Pharmacy Informatics – The Pharmacist, Librarian, and Pharmaceutical Scientist

Pharmacy Informatics by Philip O. Anderson: Book Cover

I was first alerted to the release of the new book Pharmacy Informatics via a blog post by @poikonen.  I took advantage of Amazon’s ‘Look Inside’ to check out the chapter titles and introduction.  That was enough for me, so I ordered it. I am really, really glad I did.

This textbook was created by three faculty members at the University of California, San Diego School of Pharmacy (along with area contributors) to accompany their forward-thinking pharmacy informatics course.  The authors bring a lot of credibility to the text as Phil Anderson is a very well known pharmacist in drug information and informatics circles, Susan McGuiness is a pharmacy librarian who is quite active in AACP, and Phil Bourne is the pharmaceutical scientist who is one of the more clever and creative fellows I have come across. 

The book basically delivers enough structure to create your own pharmacy informatics course.  It begins with a concise overview and the authors’ take on the meaning of pharmacy informatics (see Figure 1.1. above).  Then it sets the stage for why this specialty has developed and where it is going, touching on areas such as telepharmacy and personalized medicine.  The next major section “Prerequisites” helps provide a crash course in the basics surrounding computing and controlled vocabularies then finishes with a really well-done chapter on literature and the web.

From there the book moves onto ‘Information Systems’, breaking them down into hospital and pharmacy along with highlighting the role of informatics in avoiding medication errors.  This is also where a lot of the usual suspects make their first appearances – EHRs, bar coding, CPOE, smart pumps, etc.  I did think that this section missed a couple of opportunities.  Like many other references (and pharmacy education in general – of which I am a guilty party), it really only gave cursory attention to the community setting…despite the vast majority of pharmacists still going to that setting.  Even when it did include outpatient-specific aspects, like automated drug-dispensing machines and automated kiosks, I felt it did a bit of a disservice by not exploring the potential surrounding or psychosocial impact of these types of services.  This section also includes a couple of practically useful chapters on tertiary information sources and PDAs.  Perhaps the most interesting chapter of this section was “Pharmacy Informatics as a Career”.  While it may have been shoehorned in there, it serves as a really nice introduction to the specialty from what type of training is necessary to a pretty in-depth look at the evolution of a pharmacist with experience in different practice settings to a project leader and manager.  I also liked their 25-item informatics specialist job description.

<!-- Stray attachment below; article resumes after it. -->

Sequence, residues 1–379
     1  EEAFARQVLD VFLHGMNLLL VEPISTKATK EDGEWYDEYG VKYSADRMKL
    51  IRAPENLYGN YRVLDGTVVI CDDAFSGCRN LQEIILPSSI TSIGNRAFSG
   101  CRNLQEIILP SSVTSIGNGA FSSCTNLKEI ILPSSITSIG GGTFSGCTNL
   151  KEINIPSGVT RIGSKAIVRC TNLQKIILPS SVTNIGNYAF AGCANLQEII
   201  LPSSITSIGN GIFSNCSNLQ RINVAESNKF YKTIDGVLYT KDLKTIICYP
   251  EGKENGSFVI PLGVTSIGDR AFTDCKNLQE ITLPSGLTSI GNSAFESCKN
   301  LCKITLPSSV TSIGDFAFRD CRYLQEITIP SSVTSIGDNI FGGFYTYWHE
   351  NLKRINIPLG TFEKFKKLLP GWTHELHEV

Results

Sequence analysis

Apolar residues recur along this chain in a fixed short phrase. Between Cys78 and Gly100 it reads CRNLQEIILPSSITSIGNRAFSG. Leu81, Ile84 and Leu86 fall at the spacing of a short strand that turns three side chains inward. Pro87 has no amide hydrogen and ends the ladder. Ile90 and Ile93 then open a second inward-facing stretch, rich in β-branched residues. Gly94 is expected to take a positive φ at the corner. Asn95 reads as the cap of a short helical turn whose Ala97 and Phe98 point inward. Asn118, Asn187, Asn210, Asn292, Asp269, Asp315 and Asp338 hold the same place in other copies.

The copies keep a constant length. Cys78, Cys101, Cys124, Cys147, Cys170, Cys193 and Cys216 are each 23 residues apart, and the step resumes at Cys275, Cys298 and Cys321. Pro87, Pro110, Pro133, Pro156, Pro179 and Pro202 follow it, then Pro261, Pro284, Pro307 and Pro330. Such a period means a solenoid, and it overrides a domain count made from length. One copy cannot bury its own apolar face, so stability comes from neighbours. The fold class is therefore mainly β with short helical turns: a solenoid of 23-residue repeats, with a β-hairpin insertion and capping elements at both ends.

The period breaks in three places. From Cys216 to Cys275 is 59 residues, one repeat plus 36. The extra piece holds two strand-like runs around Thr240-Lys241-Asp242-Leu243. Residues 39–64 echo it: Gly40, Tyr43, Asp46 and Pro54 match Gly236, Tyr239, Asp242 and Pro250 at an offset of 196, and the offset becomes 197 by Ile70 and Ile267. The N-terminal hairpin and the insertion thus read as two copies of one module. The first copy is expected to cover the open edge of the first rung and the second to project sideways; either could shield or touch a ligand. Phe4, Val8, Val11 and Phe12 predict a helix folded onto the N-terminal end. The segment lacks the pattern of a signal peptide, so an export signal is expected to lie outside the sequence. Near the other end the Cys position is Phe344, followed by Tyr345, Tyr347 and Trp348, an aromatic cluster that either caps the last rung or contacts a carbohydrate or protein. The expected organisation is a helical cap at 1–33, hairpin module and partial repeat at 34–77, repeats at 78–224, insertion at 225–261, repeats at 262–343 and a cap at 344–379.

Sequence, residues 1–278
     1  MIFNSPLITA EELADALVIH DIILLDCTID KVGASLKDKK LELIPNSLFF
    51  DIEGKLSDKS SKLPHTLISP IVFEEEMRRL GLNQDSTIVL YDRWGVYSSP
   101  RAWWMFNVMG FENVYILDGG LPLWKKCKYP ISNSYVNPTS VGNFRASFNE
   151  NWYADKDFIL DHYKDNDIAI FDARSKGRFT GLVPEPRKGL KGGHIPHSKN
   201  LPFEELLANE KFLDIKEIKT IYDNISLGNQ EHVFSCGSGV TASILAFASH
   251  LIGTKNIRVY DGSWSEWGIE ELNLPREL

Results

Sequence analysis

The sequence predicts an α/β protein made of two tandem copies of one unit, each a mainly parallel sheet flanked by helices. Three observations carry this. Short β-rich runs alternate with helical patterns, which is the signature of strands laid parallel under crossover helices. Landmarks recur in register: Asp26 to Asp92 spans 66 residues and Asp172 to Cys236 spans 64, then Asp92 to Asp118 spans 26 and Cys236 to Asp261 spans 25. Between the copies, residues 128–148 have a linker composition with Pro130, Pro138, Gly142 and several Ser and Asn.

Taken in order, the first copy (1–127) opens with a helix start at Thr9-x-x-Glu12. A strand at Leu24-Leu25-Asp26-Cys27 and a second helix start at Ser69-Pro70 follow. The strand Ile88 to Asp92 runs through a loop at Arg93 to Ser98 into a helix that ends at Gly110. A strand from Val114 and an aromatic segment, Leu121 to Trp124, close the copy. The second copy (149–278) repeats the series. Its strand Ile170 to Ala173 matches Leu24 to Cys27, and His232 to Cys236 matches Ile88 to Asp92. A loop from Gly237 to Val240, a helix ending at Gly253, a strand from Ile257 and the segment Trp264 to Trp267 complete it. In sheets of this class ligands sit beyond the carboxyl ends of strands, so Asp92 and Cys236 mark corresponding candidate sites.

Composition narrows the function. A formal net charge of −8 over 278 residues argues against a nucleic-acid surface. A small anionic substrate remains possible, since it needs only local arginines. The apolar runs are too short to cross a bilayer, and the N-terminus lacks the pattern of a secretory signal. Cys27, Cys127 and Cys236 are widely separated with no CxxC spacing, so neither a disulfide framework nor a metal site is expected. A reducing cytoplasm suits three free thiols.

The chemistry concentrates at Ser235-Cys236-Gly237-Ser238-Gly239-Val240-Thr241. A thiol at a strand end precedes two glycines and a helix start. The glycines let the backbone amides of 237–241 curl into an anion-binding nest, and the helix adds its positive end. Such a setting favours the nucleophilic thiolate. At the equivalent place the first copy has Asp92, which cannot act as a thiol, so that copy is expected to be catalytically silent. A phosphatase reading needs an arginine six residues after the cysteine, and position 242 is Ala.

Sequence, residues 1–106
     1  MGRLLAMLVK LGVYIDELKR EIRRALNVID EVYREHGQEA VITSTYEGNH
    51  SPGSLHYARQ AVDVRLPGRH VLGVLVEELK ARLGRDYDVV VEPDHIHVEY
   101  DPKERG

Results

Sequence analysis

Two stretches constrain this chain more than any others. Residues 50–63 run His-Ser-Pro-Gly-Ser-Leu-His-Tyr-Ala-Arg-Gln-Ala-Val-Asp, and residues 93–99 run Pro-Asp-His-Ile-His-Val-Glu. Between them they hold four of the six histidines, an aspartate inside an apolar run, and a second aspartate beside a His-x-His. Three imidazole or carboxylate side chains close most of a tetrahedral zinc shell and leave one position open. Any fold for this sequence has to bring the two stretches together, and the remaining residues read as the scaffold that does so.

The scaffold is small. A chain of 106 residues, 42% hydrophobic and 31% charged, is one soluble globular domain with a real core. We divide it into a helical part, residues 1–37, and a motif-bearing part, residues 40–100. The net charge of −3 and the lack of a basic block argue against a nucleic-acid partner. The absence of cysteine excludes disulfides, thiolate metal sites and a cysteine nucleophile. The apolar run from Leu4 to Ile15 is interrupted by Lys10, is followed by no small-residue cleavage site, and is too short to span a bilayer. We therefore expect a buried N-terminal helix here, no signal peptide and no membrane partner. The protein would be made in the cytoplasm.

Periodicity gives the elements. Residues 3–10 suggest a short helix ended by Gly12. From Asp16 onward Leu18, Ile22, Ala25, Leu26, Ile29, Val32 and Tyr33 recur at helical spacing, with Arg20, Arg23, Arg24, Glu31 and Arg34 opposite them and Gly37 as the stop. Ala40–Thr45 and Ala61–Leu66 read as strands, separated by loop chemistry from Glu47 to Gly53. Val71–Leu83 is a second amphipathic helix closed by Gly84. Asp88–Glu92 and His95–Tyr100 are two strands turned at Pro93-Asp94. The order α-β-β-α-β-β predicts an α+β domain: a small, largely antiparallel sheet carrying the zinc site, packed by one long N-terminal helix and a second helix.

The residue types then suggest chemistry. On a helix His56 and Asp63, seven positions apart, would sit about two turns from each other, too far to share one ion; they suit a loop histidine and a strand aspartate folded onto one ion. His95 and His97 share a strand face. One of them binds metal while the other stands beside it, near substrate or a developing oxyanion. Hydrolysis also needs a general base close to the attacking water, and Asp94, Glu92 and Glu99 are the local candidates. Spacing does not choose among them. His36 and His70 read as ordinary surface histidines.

Next was a very robust section on “Decision Support”.  It had a nice hat-tip to evidence based medicine as well as good coverage of classic clinical decision support and pharmacokinetics.  Unfortunately, I found the chapter on data mining (which I was most looking forward to in this section) was a little lacking.  The information there was superior, but I really would have liked to see additional depth, as this is such an exciting area for growth within pharmacy informatics.  The book ends with some forecasting and a peek into the near future (some of which is here now).  It provides a scenario that highlights possibilities for several Web 2.0 tools and approaches for information management and decision support.  It also hits two of my other favorite topics in social networking and open access (more on that in a moment).  The concluding chapter is a pragmatic look at where we can go and how to navigate the obstacles to get there.

Ok, back to the really cool stuff.  If you aren’t familiar with Bourne’s work and experiments with open access, peer review 2.0, and alternate/enhanced venues to disseminate scholarly work – you are missing out.  Don’t feel bad.  I stumbled across them in a variety of ways including seeing a live presentation by JOVE co-creator Moshe Pritsker at Medicine 2.0 a couple years ago, assigning my students and residents to watch some of the PLoS 10 Simple Rules collection (e.g. getting grants, getting published, making good poster and oral presentations, etc.), and reading blog posts about interactive visual posters (i.e., postercasts, pubcasts, etc.) that are housed at  Seriously, skip the clip of the ice skating monkey on YouTube and use those 5 minutes to go visit the 10 Simple Rules collection and SciVee!